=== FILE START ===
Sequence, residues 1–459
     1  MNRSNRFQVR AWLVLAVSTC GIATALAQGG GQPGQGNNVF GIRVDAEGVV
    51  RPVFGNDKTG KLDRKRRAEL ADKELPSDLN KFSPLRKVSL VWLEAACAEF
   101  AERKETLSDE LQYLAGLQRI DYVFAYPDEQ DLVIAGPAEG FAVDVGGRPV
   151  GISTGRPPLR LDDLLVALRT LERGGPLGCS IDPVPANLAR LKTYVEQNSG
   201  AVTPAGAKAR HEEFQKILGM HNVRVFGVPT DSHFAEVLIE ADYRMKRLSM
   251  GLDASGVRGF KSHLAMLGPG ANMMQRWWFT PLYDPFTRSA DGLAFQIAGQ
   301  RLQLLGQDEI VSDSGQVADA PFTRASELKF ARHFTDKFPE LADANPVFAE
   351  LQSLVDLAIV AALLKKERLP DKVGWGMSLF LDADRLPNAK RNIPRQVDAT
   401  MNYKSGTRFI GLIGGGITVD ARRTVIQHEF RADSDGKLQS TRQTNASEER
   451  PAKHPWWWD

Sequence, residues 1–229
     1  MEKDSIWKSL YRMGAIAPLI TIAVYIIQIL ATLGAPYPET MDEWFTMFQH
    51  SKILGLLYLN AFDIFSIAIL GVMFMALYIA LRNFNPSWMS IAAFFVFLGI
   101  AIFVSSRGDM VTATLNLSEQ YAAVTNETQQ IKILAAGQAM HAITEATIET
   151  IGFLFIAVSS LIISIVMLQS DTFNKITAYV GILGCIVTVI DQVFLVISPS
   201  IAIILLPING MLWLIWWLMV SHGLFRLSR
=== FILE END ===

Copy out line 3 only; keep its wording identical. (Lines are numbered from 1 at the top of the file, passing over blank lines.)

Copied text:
    51  RPVFGNDKTG KLDRKRRAEL ADKELPSDLN KFSPLRKVSL VWLEAACAEF